At any given time, people regularly return to a maximum of 25 places. This is the finding of a scientific study that reveals entirely new aspects of human behavior.
The study, titled “Evidence for a conserved quantity in human mobility’ is published in Nature Human Behaviour is based on analyses of 40,000 people’s mobile traces collected in four different datasets.
It is also the first of its kind to investigate people’s mobility over time and study how their behavior changes.
Behind the project are Dr. Laura Alessandretti and Dr. Andrea Baronchelli, researchers in the Department of Mathematics at City, University of London, together with Professor Sune Lehmann from DTU Technical University of Denmark and the research team from Sony Mobile Communications.
“We first analyzed the traces of about 1000 university students. The dataset showed that the students returned to a limited number of places, even though the places changed over time. I expected to see a difference in the behavior of students and a wide section of the population. But that was not the case. The result was the same when we scaled up the project to 40,000 people of different habits and gender from all over the world. It was not expected in advance. It came as a surprise,” says Dr. Alessandretti.
Old places disappear
The study showed that people are constantly exploring new places. They move to a new home, find a new favorite restaurant, find a new bar, or start going to another gym, etc. However, the number of regularly visited places is constantly 25 in a given period. If a new place is added to the list, one of the places disappears.
The pattern is the same when the researchers divide the locations into categories based on how often and how long time they spend at the location.
“People are constantly balancing their curiosity and laziness. We want to explore new places but also want to exploit old ones that we like. Think of a restaurant or a gym. In doing so we adopt and abandon places all the time. We found that this dynamic yields an unexpected result: We visit a constant, fixed number of places—and it’s not due to lack of time. We found evidence that this may be connected to other limits to our life, such as the number of active social interactions we can maintain in our life, but more research is in order to clarify this point,” says Dr. Baronchelli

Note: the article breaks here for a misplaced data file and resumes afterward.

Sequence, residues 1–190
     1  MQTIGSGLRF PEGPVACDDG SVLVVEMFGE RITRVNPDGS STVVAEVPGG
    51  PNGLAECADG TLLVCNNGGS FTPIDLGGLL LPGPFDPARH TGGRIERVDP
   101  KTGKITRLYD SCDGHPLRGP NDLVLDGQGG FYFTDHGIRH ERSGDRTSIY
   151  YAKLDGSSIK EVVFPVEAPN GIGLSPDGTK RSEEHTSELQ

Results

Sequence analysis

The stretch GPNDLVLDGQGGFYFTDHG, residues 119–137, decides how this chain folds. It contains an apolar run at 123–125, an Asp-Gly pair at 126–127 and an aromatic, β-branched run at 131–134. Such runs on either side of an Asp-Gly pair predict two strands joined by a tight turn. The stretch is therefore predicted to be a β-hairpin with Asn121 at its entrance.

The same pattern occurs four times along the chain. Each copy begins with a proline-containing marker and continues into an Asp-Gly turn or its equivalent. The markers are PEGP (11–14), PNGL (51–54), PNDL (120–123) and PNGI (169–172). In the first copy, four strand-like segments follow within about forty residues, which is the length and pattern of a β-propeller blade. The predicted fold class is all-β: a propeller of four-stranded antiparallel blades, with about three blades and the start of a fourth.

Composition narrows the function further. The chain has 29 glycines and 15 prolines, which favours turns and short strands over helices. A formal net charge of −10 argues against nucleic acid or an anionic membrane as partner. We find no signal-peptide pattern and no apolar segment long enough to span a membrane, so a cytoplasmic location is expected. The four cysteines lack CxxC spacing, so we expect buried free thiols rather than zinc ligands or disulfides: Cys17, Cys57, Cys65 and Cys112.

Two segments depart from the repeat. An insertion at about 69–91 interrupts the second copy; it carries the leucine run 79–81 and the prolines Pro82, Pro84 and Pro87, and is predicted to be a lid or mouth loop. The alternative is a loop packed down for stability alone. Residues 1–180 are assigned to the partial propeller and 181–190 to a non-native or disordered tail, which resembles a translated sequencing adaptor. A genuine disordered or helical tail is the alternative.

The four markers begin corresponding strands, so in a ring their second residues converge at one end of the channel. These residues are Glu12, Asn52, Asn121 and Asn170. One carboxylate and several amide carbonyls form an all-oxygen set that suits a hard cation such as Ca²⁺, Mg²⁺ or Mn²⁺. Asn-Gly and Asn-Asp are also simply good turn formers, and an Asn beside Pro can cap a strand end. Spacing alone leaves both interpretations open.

The study has connections with the findings of anthropologist Robin Dunbar, who demonstrated that there is a limit to how many friends we have. The work of Dr. Baronchelli and colleagues shows that those who have a tendency to visit many places are also likely to have many friends. The correlation between social behavior and the number of locations has not been made this clearly before this research.
“Our research established a first formal connection between the study of human mobility and human social cognition. Clarifying this link will help us design better public spaces as well as better transportation systems. And ultimately facilitate the creation of more sustainable and healthy urban environment for all of us,” Dr. Baronchelli adds.